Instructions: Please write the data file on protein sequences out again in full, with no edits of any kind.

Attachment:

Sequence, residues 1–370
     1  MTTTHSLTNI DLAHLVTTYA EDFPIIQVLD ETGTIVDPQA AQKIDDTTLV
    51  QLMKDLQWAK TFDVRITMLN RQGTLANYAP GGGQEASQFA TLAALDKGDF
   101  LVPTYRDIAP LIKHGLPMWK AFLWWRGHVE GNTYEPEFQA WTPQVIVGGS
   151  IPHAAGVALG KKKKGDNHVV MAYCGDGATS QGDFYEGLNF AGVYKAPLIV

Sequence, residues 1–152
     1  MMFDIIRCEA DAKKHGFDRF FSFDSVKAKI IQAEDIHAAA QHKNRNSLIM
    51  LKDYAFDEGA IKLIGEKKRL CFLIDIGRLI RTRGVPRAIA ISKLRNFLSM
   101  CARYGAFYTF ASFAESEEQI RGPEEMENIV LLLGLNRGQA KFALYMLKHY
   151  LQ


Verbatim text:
Sequence, residues 1–370
     1  MTTTHSLTNI DLAHLVTTYA EDFPIIQVLD ETGTIVDPQA AQKIDDTTLV
    51  QLMKDLQWAK TFDVRITMLN RQGTLANYAP GGGQEASQFA TLAALDKGDF
   101  LVPTYRDIAP LIKHGLPMWK AFLWWRGHVE GNTYEPEFQA WTPQVIVGGS
   151  IPHAAGVALG KKKKGDNHVV MAYCGDGATS QGDFYEGLNF AGVYKAPLIV

Sequence, residues 1–152
     1  MMFDIIRCEA DAKKHGFDRF FSFDSVKAKI IQAEDIHAAA QHKNRNSLIM
    51  LKDYAFDEGA IKLIGEKKRL CFLIDIGRLI RTRGVPRAIA ISKLRNFLSM
   101  CARYGAFYTF ASFAESEEQI RGPEEMENIV LLLGLNRGQA KFALYMLKHY
   151  LQ